SCOTTISH researchers believe they have made a significant medical breakthrough by identifying a genetic defect which can triple the risk of a child developing an allergy to peanuts.
The gene responsible - filaggrin - is found in human skin and had previously been shown by scientists at Dundee University to be a significant factor in causing eczema and asthma.
They have now found that one in five of all peanut allergy sufferers also have a filaggrin defect.
Dr Sara Brown, the Dundee-based scientist who led the international study involving researchers in Canada, Ireland, England, and the Netherlands, said yesterday that the discovery marked a "significant breakthrough" in understanding the causes of an allergic condition which has increased dramatically over the past 30 years.
At least one in every 100 children in the UK suffer from the potentially life-threatening allergy which can cause symptoms ranging from a mild stomach upset to a fatal anaphylactic reaction.
Dr Brown, the Wellcome Trust intermediate clinical fellow in molecular medicine at Dundee, said: "We know that peanut allergy runs really strongly in families. Now, for the first time, we have a genetic change that can be firmly linked to peanut allergy."
Having shown that filaggrin was a significant factor in causing eczema and asthma, the research team decided it was a "logical next step" to investigate whether the gene might also be a cause of peanut allergy.
"A child may develop all three of these diseases together," Dr Brown said. "Allergic conditions often run in families, which tells us that inherited genetic factors are important. In addition, changes in the environment and our exposure to peanuts are thought to have been responsible for the recent increase in peanut allergy seen in the western world in particular."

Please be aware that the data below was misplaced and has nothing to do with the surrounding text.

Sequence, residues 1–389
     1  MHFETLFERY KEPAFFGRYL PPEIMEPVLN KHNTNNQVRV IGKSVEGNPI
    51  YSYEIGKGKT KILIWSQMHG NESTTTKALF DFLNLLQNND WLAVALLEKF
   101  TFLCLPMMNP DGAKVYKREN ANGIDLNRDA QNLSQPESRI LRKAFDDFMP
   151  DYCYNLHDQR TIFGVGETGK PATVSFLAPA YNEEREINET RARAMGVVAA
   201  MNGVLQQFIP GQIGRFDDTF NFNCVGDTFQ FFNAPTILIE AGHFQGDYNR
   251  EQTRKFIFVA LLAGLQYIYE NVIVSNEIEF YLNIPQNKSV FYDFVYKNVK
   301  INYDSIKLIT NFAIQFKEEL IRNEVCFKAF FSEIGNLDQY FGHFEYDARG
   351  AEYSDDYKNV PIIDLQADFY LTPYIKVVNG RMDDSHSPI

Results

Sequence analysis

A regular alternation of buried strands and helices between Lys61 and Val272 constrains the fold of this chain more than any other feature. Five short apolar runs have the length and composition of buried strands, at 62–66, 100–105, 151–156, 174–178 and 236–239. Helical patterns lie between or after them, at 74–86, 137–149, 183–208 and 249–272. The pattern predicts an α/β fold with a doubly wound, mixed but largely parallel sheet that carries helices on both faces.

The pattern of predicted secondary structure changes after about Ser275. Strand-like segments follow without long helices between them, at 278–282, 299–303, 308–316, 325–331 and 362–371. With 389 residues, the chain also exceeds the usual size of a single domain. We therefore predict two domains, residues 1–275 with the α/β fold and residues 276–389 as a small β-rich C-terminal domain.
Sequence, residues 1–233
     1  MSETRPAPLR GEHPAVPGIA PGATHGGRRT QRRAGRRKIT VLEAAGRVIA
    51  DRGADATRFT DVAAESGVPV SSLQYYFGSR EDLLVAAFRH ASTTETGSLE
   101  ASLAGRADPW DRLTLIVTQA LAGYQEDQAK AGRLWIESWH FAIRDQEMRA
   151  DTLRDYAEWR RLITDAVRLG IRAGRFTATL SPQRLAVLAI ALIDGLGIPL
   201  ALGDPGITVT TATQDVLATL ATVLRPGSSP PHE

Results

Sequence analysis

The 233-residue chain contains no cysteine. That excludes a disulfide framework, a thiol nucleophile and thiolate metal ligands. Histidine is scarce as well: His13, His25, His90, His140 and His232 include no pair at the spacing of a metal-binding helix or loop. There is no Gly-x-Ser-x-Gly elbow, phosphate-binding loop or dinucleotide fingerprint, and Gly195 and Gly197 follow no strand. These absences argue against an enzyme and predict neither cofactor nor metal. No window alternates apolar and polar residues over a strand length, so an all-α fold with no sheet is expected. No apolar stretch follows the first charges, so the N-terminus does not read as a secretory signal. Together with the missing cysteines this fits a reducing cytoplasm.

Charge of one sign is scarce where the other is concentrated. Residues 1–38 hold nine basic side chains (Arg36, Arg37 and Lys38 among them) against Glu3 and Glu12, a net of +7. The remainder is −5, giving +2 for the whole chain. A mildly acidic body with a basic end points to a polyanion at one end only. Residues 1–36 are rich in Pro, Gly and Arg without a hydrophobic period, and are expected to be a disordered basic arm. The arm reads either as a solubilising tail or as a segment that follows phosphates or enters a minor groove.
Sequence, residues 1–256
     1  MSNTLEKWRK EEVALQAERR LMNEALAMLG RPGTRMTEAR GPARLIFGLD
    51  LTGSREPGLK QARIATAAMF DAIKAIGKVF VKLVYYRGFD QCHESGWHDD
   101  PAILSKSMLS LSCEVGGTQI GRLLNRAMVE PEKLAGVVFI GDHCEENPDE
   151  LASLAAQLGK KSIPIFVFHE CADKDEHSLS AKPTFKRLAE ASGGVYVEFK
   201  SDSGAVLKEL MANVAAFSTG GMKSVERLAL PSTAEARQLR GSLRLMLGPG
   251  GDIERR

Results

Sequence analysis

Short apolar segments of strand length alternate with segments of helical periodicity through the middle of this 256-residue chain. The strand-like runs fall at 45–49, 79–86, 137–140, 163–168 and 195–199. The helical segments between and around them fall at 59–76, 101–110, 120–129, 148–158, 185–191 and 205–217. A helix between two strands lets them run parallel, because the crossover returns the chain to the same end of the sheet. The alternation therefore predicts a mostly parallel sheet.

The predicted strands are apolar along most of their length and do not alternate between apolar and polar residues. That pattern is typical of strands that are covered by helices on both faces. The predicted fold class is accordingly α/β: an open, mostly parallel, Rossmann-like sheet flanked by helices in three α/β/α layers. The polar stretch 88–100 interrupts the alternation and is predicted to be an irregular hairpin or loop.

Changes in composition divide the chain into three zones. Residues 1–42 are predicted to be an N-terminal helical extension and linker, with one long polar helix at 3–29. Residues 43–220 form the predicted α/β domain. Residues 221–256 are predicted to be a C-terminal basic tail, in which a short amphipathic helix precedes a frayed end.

According to the study, a fifth of all peanut allergy sufferers have a filaggrin defect. Those with the defect can be three times more likely to suffer peanut allergy than people with normal filaggrin.
Dr Brown said: "There are lots of children who have a filaggrin defect and don't get a peanut allergy. So it's not as simple as saying that a filaggrin defect causes peanut allergy in those children - there are obviously other things going on as well. But in those children who have a peanut allergy, it would be a significant contributing factor."
She added: "We are a little way off doing screening test. But what it paves the way for is a better understanding of the skin's importance and a clearer understanding that we need to develop treatments to improve filaggrin in the skin.
"We are now working on treatments to improve the amount of filaggrin protein in our lab. And if those treatments become widely available then we would hope that they would reduce the number of children with peanut allergies."A spokeswoman for Allergy UK said: "This is a very important discovery and an exciting step towards increasing our understanding of peanut allergy, although as highlighted by the researchers in Dundee this will not apply to all peanut allergy sufferers and there is more work to be taken forward."